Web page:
Since pitchers have better control of their FIP, they tend to maintain it for longer periods than they do ERA and WHIP, stats oftentimes at the mercy of others, thus making FIP the better predictive stat. Naturally there will be some superstars on this leaderboard at all times, but the more important use of FIP is in finding those under-the-radar hidden gems, as those are the pitchers that are so often undervalued by the general betting population.
We are just now coming out of the All-Star break, so as you would expect, this leaderboard is starting to stabilize. In fact, we have the same leader for the third straight update and while there is some shuffling behind him, the top nine pitchers on this update of all been on this list in recent updates, with the only fresh face reporting home 10th.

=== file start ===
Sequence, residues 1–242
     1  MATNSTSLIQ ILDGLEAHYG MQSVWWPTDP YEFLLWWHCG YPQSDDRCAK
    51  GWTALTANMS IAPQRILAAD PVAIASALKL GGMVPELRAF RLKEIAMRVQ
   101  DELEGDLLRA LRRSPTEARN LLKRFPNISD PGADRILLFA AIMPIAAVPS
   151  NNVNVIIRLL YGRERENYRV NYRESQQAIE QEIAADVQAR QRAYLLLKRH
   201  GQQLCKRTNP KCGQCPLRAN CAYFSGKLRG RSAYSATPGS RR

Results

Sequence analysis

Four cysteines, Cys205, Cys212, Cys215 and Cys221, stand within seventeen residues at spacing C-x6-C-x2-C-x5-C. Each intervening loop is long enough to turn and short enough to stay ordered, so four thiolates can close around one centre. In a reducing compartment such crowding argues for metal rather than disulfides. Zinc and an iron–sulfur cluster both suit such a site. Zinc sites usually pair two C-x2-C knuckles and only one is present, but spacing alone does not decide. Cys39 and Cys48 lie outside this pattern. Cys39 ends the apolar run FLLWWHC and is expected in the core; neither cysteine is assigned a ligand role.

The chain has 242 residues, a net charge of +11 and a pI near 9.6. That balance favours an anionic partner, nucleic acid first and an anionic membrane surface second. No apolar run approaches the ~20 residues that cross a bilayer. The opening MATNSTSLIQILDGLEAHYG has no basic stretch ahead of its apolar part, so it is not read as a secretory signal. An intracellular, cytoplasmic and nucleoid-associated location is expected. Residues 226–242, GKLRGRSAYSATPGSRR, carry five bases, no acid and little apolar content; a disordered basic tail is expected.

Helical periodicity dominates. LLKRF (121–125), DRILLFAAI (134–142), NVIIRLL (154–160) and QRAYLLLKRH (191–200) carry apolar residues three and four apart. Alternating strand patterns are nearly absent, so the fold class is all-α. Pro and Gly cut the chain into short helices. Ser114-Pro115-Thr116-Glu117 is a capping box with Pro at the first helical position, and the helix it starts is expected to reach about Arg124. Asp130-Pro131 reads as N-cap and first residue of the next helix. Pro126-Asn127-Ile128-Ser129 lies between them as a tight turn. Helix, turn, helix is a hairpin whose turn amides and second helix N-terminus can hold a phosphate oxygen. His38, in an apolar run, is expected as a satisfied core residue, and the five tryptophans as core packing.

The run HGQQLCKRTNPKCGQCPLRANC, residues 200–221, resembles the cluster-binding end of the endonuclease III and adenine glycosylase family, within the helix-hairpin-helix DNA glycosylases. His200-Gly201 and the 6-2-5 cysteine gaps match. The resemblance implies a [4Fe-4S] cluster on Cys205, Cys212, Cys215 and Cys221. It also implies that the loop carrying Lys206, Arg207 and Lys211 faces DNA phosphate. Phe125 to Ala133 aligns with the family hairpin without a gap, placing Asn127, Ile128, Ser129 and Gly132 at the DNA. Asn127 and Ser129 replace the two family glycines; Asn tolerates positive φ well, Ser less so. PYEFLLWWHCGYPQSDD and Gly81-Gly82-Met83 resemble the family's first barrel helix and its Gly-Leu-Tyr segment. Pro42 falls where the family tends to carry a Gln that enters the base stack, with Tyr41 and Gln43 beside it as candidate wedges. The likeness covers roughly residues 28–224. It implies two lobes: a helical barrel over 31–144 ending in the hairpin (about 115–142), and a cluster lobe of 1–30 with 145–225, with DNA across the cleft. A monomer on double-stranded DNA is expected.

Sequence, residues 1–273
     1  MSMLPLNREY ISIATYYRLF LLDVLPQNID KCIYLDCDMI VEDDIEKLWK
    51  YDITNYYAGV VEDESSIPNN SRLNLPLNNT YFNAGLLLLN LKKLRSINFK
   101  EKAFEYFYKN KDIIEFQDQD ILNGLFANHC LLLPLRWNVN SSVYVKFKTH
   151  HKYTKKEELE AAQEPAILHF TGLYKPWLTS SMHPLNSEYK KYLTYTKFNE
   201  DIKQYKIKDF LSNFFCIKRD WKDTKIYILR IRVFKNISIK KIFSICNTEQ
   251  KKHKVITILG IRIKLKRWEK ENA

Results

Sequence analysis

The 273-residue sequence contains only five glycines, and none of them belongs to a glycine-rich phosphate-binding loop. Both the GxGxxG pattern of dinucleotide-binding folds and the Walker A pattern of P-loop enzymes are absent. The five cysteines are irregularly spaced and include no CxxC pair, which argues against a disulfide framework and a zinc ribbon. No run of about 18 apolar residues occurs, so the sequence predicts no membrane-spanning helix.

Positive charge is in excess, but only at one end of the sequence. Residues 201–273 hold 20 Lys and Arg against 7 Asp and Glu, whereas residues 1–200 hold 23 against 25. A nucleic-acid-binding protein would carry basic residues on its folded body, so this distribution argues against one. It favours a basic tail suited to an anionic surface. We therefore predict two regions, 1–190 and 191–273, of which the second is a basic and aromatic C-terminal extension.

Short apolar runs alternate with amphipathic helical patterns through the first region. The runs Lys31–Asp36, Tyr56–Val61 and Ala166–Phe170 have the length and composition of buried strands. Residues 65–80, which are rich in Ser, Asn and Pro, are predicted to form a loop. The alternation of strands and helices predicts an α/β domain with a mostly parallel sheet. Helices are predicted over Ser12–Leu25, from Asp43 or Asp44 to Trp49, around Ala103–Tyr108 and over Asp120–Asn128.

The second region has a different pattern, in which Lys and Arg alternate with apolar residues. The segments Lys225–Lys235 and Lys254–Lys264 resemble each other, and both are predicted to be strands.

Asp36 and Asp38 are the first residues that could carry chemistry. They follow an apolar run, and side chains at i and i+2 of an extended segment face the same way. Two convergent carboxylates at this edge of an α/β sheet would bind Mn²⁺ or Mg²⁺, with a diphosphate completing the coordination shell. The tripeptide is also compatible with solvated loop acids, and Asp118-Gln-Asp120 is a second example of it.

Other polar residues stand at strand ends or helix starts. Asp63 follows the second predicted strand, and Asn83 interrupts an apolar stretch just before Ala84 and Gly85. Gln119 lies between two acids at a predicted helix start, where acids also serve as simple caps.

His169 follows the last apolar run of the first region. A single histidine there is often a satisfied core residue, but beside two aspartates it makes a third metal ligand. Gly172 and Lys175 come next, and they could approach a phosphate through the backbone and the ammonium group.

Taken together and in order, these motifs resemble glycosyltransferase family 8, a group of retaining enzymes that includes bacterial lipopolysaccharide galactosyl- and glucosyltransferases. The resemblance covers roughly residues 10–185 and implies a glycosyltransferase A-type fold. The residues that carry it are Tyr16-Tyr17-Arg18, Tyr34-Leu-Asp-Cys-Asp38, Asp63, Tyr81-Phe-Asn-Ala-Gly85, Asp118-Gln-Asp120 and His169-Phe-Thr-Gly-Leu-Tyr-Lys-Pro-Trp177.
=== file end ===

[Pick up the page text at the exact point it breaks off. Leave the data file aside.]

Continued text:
So with no further ado, here are the top 10 pitchers in the Major Leagues on the FIP Leaderboard through games of Sunday, July 13, 2014, the last game before the All-Star break. (FIP is in parenthesis).
1 - Felix Hernandez (Seattle Mariners, 2.04): King Felix has apparently taken over permanent residency of this top spot, and he may be hard to pass given the wide 0.48 FIP margin between he and the second spot right now! It is no coincidence that Hernandez started the All-Star Game for the American League as he has now allowed two ruins or less in 11 consecutive starts, leaving him at 11-2 with a 2.12 ERA and 0.90 WHIP overall, and he has a scintillating ratio of 154 strikeouts vs. just 25 walks in 144.1 innings with only four home runs allowed in 20 starts. As of this moment, Hernandez looks to be on his way to a second Cy Young Award, as he is putting up better numbers than when he first accomplished that feat in 2010.